Smoky Mountain Children’s Home is a private, faith-based, not-for-profit, multi-service agency that provides professional care and treatment for boys and girls referred for our services due to emotional, behavioral and life situations. A continuum of quality programs is offered to meet the unique needs of children of different ages, capacities, races and creeds and their families.
Their vision is to become a complete child and family ministry providing an array of programs that are family-focused and serve to strengthen, preserve, and reunify families.
On December 17, 1920, four young children were placed in a small frame house in Cleveland, Tennessee, in the care of Lillian Kinsey. This home was eventually named Orphanage Number One and thus was born the Church of God’s ministry to homeless children. From the humble beginning, the number of children in care quickly increased. Two more homes were added and eventually a large facility capable of housing several hundred children was constructed on 119 acres of land south of Cleveland. Officially known as the Church of God Orphanage, its mission was to provide shelter mostly for homeless and orphaned children. Poverty, illness, and death of one or both parents were the primary reasons children needed care.
In time, the needs of children began to change and the phrase orphans of the living began to be used to describe the plight of children. While some children continued to need care because of death, illness, and poverty of parents, many were victims of neglect and abuse. Alumni who return to the campus after having grown up at the Children’s Home often share that the care and love that they were given as a child made a tremendous difference in their lives.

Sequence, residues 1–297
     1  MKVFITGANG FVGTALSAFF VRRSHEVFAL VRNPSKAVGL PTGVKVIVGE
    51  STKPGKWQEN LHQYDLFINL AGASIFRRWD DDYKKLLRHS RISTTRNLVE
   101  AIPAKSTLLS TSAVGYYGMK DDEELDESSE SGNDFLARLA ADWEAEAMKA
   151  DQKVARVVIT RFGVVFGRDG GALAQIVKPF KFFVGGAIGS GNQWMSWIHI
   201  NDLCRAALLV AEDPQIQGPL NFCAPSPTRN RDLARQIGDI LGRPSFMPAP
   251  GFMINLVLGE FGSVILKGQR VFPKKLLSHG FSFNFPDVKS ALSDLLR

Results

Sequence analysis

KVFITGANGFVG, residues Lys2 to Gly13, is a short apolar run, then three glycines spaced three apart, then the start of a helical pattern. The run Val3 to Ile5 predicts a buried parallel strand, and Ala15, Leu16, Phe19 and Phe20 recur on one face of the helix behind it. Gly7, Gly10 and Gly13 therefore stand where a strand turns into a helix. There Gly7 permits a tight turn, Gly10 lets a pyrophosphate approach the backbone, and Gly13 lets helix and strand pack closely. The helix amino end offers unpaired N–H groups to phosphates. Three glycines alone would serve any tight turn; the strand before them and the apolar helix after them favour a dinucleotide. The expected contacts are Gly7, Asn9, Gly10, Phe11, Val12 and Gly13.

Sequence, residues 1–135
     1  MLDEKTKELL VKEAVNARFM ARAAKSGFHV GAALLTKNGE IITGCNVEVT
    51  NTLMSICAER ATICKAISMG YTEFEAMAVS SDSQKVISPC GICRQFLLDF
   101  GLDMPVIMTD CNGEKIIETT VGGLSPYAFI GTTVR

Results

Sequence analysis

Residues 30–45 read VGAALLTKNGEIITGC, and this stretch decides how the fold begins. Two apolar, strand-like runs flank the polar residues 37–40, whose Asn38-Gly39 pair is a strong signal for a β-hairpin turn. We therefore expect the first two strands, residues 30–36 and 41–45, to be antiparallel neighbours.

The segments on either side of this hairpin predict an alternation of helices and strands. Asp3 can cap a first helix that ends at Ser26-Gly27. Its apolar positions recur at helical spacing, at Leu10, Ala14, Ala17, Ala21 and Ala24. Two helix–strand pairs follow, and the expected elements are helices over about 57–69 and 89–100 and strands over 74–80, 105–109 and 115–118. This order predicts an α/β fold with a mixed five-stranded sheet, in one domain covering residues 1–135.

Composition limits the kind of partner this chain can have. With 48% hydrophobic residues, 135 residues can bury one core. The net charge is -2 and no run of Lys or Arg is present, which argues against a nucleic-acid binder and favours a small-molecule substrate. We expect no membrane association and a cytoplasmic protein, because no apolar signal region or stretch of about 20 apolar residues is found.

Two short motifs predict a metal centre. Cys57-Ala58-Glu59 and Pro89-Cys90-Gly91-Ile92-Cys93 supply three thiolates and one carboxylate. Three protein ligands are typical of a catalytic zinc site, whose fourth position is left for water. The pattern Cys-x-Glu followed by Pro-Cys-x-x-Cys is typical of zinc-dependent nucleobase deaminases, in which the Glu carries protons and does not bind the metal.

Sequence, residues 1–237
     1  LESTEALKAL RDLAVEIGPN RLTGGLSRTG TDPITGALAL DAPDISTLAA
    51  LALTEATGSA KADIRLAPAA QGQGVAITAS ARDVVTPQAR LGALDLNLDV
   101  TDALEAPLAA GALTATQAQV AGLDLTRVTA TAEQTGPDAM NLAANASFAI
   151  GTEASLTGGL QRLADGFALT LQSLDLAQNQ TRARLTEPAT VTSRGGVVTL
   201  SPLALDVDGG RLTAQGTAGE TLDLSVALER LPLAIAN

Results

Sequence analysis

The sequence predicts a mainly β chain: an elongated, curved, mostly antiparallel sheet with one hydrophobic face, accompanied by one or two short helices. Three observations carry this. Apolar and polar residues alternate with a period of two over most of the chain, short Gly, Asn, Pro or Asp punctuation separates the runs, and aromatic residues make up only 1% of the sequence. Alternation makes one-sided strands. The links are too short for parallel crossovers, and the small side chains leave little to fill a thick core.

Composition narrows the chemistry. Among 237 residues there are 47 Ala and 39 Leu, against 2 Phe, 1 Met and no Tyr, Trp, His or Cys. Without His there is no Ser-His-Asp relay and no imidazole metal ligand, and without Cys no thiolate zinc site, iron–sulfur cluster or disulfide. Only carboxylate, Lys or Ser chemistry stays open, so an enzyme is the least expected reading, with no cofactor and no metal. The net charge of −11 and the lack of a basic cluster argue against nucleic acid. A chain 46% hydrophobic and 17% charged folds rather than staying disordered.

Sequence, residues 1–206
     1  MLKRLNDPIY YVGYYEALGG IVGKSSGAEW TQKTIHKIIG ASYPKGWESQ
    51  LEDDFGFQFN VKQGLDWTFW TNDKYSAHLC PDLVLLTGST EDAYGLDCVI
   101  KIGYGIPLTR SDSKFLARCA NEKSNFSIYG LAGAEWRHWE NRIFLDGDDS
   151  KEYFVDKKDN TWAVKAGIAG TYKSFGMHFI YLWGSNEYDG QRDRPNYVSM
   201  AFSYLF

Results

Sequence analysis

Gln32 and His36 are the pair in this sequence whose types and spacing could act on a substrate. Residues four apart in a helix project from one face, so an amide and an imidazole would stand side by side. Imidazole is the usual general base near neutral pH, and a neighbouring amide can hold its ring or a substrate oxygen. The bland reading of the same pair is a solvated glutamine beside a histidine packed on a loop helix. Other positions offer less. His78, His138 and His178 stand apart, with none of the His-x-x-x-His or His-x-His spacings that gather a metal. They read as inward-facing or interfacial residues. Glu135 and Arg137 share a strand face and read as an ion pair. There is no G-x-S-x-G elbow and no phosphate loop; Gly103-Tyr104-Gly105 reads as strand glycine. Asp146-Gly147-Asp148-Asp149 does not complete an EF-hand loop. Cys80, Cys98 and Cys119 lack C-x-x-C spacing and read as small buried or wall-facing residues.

In 1949, the orphanage relocated to Sevierville, Tennessee, on property formerly occupied by the Church of God Bible Training School. As the needs of children in placement changed, the structure of care also changed. Foster family care and residential treatment centers replaced the large, institutional program of care. In 1962, the name of the Home was officially changed to Church of God Home for Children. That same year social work and counseling services were added to more effectively address the needs of the children in care. A short time later, modern, cottage-type dwellings replaced the large dormitories. The next couple of decades saw even more changes with emphasis on specialized care for abused and emotionally disturbed children. Intensive training for the primary care givers was begun to better prepare them for the needs of children coming into care.
Today, the Smoky Mountain Children’s Home provides care for at risk children and teens through its Residential Care and Foster Care programs. Through family counseling, individual therapy, educational opportunities and structured group living the Smoky Mountain Children’s Home provides a continuum of care tailored for each residents need. Creating a safe and supportive environment for each resident to discover their talents, build on their strengths and through the care of a trained staff each resident has the opportunity to overcome the circumstances of their past while exploring a world of opportunity for their future.
2013 Net Assets